Tesla faces increasing competition in China for its Model 3 most notably from the BYD Seal and Nio ET5 (did you read our review?) but also from a raft of other wannabes. Strangely none have dared to tackle the Model Y, until now. XPeng’s G6 is the first serious competitor and for once the Guangzhou based company doesn’t seem to be shying away from the fact, even providing a Model Y for comparison on a test track.
It’s also no secret that XPeng is under pressure. So far the only car that has had reasonable sales is the P7 and the company very much needs the G6 to be a good seller in order to stay in the game. With prices starting from 29,000 USD (209,900 yuans) and ranging up to 38,300 USD (276,900 yuans) for the 700 Performance Max version, as tested, XPeng is certainly coming out with all guns blazing.
Although no copycat the G6 takes a very similar approach to the Model Y when it comes to design. Both aren’t really true SUVs but taller crossover type cars optimized for interior space. At first glance it would seem that the car has a classic teardrop shape but the looks are beguiling; black painted strips on the rear roofline make it look as if the G6 has a far more sharply raked roofline than it actually has. This effect is partially destroyed via the upper spoiler. There is a Performance package (1,250 USD) which adds an electrically deployable spoiler lower down, a first on an XPeng, along with 20-inch wheels. The rear is actually quite bulbous and it might actually be better if all models had a permanently deployed spoiler to break up the rear.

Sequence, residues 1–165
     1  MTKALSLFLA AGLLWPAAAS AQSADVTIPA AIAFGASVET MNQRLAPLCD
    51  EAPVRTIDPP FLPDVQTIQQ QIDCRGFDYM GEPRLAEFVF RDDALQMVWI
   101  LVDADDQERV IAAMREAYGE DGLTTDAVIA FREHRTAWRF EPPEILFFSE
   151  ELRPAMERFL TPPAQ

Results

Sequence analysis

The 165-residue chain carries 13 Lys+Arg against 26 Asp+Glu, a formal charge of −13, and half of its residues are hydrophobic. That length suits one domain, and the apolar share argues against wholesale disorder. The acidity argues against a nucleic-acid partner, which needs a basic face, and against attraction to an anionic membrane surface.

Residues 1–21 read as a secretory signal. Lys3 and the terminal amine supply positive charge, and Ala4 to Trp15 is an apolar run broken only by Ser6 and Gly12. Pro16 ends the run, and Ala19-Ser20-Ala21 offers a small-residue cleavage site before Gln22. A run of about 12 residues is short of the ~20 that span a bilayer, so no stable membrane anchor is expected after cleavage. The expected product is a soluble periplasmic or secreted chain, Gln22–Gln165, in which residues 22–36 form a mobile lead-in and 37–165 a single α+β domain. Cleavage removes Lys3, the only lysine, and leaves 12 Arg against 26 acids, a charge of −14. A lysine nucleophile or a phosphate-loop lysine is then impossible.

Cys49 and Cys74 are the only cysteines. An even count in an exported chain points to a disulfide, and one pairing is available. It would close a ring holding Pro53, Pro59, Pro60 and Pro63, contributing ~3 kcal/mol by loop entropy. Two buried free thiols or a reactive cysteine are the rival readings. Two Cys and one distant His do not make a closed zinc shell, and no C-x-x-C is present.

Overall the G6 while not ground breaking design wise is fairly distinctive and certainly cuts an imposing profile in what seems to be the signature melting cloud orange paint job (830 USD option), as on our test car. Although it inherits the brand’s robot face design language at the front, one new element is the XPeng badge now breaking up the front light bar.
Despite the chunky appearance the G6 for an EV weighs in relatively lightly ranging from 1995-2100kg. This is in part due to the SEPA2.0 platform and some new technologies employed. XPeng claim the G6 is the first Chinese car to benefit from front and rear aluminum die-casting sections and there is also cell-to-body integration meaning that the battery pack is now load bearing.
Interior & infotainment
Unlike with Nio models, there is very little continuity between the interiors of XPeng cars other than that they all feature at least two screens in some setup or another. The G6 seems to have inherited the center mounted 15-inch infotainment screen from the G9 but unlike its larger sibling it is a single unit rather than a double one. The driver gets a narrow 10-inch instrument screen integrated into the dashboard.
On top of the center console are dual wireless phone charging pads, twin cup holders, and a cubby hole. Underneath the floating console are both type A and C USB chargers. The passenger doesn’t get a glovebox with the area opened up.
A panoramic roof gives the car an airy feel. In the back, the rear occupants get a manually adjustable rake. There is plenty of head room and good leg space as well. The fold down armrest gives two drink holders and on the back of the center console, there are two Type C chargers. Our test car was lacking a parcel shelf in the trunk but there was an electrically operated tailgate and inside the back is a 12V power outlet.
The G6 gets XPeng’s latest Xmart 4.0 operating system which includes the latest version of the company’s Xiao P digital assistant. This has an industry leading ability to recognize and respond to voice commands.
Performance and driving feel